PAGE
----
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Ticonderoga’s Old Roads

Here in Ticonderoga we may say with truth that we are still using one of America’s oldest roads.  The carry from Lake George to the navigable water below the lower falls was used from a time to which the memory of man runneth not as a highway for the north and south travel thru the wilderness.  Much of our village street known as The Portage follows this ancient path.  Early maps show also a trail leaving Lake George at Cook’s Bay and traveling Trout Brook Valley to Ticonderoga.

When (General) Burgoyne (British) brought his army down the valley, (1777)  he disembarked the column that proceeded from Crown Point by water at Kirby Point (current site of International Paper Co.‘s Ti Mill) and following an ancient trail, came across the flats to the rocky outcrop extending from the Delano to the McCaughin Road just north of the crossing of the new cut-off.  Portions of his forces were encamped there and at Mt. Hope.  By this we are led to conjecture that this must have been an old Indian trail providing an alternate to paddling down the stream and around the Fort promontory or the reverse. This is borne out by an account that has come down to us thru Mr. Thomas J. Cook.  Tom’s grandfather was born in 1813 thus having had personal contact with those that were contemporary with Burgoyne and his invasion.  His testimony  passed on by Mr. Cook is that Burgoyne’s Indians were encamped beside this trail some three fourths of a mile from Kirby Point.  This places them on the south side of the woods that shelters the Forest Theater (Leerkes Farm).

Rds - burgoyne ti map

After the capture of Fort Ticonderoga by Ethan Allen in 1775, the colonists built a bridge approximately where the present one stands (near the wastewater plant) .  A map prepared by the U.S. Engineers and thought to be of a date about 1810 shows the stream bridged just to the north of the present structure with no highway to the north of the bay which is now filled with refuse from the mill.  Joseph Cook in 1858 (Home Sketches)  speaks of the ruins of this old “Long Bridge“.

In 1876 this bridge had disappeared and what was known by many of us past fifty as the “dugway road” had been constructed.  This followed the old French road and circled around the northern  verge of the bay and was for many years the only way of passage to the fort and Addison Junction (near ferry landing).  In 1931 the present bridge was built and the road returned to approximately its original position (of) 1776.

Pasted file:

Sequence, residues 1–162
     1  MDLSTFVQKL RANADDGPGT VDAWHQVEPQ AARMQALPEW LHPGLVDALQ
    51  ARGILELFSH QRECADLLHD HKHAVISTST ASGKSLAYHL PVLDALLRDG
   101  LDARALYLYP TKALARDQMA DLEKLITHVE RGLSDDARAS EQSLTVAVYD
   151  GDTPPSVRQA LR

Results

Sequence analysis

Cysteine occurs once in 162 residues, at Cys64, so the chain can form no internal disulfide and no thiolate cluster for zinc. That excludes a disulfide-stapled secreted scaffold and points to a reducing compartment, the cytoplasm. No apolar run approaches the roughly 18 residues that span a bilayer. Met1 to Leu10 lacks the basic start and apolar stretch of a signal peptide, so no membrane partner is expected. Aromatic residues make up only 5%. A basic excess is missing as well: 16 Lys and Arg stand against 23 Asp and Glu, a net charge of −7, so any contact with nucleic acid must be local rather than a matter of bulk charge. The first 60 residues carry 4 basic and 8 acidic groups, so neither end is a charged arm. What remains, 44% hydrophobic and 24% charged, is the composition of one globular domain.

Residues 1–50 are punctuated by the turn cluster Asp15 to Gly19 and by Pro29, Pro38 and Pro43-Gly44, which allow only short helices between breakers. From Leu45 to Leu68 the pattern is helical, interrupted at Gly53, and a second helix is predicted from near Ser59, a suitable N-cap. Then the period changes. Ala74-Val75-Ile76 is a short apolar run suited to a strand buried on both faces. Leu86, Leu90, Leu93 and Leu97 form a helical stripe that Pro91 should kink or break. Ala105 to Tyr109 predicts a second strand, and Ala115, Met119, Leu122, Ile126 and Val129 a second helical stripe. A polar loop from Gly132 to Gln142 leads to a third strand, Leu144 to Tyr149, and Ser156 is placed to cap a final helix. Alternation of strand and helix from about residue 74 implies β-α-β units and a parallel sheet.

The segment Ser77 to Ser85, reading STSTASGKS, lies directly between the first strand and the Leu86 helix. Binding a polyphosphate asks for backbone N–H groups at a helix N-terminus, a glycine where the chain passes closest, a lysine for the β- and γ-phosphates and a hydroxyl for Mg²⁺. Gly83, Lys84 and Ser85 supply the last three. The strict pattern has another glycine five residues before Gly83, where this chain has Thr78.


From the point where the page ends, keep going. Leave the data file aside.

The location of the road built to connect the forts of Carillon and St. Frederick remains a mystery to me.  Tradition has it proceeding more or less directly from Carillon to the pass we know as the Vineyard Road (Streetroad) and thru this to the flat country leading to (Fort) St. Frederick. This seems logical as in those early days the water of Lake Champlain washed the sheer cliffs at what has come to be known as the “spar mine“(Crown Point).  Joseph Cook mentions in his “Home Sketches” the military road from Crown Point and Ticonderoga as crossing the bridge mentioned above.  He mentions in this connection that the ruins of the bridge were still visible.  This was in 1857-58.  A map prepared for Burgoyne has an extension of the road past the old John Porter farm  marked “road to Crown Point”.

Streetroad, Ticonderoga Looking South toward Ticonderoga 1888

Streetroad, Ticonderoga Looking South toward Ticonderoga 1888

By the second decade of the 1800’s a considerable number of settlers had carved homes from the wilderness that surrounded the military clearings of fifty years previous.  Roads were a prime necessity.  The earliest map available shows most of the main highways of the time.  The largest early settlement was about the old French landing (rapids/Snug Harbor Marina – Black Pt Rd) at the Upper Falls. (Alexandria)  There the roads were much as they are now.  The settlement at the Upper Falls was connected with the smaller cluster of homes at the Lower Falls only by the ageless portage which by labor of  (General) Amherst’s (British) army had been made a graded highway.  Lord Howe Street led north but none of the present Weedville streets existed.  The bridge across the stream in the lower Village which was abandoned when the huge addition was made to the paper mill in 1959-60 (No 7 Paper Machine Building) is shown on early maps as the road to Crown Point.  This seems to have been the location of the very early crossing of the stream.